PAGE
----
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Pleotropic Acute and Chronic Effects of Leptin to Reverse Type 1 Diabetes
Rachel J. Perry, PhD
Yale University
Department of Internal Medicine, Yale University, New Haven, CT 06510, USA.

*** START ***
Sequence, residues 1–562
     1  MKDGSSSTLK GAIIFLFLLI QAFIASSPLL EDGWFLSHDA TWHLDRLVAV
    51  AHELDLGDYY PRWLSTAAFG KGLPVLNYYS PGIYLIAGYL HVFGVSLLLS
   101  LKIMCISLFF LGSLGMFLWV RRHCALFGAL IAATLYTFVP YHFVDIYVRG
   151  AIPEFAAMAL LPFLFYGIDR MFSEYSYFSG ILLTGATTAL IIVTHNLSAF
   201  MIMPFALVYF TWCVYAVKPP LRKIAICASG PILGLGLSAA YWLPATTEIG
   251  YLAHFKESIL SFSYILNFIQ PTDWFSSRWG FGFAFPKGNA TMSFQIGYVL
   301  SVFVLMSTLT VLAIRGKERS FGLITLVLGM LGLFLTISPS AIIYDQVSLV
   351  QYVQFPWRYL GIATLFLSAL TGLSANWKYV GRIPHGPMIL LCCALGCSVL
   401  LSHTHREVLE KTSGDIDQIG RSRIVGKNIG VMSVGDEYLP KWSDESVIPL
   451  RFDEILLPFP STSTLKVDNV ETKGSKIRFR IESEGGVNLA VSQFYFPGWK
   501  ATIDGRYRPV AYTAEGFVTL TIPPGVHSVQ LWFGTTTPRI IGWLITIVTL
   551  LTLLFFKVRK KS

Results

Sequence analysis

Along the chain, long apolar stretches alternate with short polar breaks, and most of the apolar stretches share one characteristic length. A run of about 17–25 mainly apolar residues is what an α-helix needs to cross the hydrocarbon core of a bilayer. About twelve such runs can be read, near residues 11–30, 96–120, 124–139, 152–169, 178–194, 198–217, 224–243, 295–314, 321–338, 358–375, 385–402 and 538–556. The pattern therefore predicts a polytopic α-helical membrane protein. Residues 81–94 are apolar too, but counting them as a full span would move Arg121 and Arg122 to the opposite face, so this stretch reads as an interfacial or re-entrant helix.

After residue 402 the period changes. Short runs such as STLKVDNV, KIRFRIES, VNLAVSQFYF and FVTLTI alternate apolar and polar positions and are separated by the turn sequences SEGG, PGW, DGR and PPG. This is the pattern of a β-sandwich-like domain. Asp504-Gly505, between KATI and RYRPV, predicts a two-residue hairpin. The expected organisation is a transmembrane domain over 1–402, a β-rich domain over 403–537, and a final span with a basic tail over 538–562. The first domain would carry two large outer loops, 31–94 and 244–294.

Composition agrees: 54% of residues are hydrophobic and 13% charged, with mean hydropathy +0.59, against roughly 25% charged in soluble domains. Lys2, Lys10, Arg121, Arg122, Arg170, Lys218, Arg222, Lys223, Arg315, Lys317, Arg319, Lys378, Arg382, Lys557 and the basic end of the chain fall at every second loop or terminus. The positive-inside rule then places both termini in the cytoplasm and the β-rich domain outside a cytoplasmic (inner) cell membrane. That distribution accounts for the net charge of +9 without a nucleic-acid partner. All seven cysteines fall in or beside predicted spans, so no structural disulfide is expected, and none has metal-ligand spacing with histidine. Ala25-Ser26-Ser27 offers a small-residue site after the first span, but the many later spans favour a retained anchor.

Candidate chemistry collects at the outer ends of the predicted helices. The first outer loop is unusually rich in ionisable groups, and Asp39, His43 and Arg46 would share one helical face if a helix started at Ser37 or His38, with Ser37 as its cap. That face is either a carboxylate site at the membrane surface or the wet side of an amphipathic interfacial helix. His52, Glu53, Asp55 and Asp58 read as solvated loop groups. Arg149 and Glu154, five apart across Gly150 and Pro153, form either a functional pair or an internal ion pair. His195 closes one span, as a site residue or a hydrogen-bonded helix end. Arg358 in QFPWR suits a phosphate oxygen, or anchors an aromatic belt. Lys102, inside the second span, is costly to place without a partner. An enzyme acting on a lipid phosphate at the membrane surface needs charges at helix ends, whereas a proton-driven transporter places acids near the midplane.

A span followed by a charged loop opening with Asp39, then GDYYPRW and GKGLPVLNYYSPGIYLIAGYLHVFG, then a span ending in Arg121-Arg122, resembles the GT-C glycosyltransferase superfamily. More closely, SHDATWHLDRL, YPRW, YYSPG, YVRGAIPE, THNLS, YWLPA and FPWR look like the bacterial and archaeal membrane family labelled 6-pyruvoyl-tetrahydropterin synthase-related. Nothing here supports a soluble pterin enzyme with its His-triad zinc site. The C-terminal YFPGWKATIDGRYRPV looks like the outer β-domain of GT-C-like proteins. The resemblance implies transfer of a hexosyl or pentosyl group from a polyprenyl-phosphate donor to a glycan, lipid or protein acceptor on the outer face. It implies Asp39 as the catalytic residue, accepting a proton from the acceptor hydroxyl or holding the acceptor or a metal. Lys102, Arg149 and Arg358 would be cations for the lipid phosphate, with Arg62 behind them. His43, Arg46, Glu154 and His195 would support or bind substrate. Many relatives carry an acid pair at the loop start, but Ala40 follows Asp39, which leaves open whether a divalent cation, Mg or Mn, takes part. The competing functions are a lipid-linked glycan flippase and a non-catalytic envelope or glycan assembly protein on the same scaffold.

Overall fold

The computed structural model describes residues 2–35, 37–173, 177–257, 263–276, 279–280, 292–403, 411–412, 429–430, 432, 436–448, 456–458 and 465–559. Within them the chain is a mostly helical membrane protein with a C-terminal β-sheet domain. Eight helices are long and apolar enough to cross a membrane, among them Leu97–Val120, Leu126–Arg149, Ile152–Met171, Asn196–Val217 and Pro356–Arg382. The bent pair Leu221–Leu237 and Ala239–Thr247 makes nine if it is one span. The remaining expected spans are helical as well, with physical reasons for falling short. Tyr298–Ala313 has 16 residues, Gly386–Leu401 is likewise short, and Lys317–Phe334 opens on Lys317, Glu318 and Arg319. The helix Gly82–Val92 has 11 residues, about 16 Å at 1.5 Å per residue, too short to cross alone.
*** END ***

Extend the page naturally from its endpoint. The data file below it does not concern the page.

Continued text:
Recent studies have demonstrated that leptin can prolong life chronically in rats with poorly-controlled type 1 diabetes (T1D). Multiple explanations have been proposed to explain leptin’s chronic antihyperglycemic effect, including suppression of glucagon release and/or signaling, reductions in hyperphagia and ectopic lipid content, and improvements in insulin sensitivity; it is leptin’s ability to reduce plasma glucose relies on all of these effects. In addition, leptin reverses hyperglycemia and diabetic ketoacidosis (DKA) acutely, within 6 hours of leptin infusion, by suppressing hypothalamic-pituitary-adrenal (HPA) axis activity in insulinopenic rats. Thus current evidence suggests that leptin’s acute, insulin-independent effect to reverse DKA by suppressing HPA axis activity occurs through a different mechanism from its chronic, pleotropic, insulin-dependent effect to reverse hyperglycemia and prolong survival in rodents with T1D. Leptin may therefore represent an attractive therapeutic target to improve glycemic control in humans with poorly-controlled T1D.


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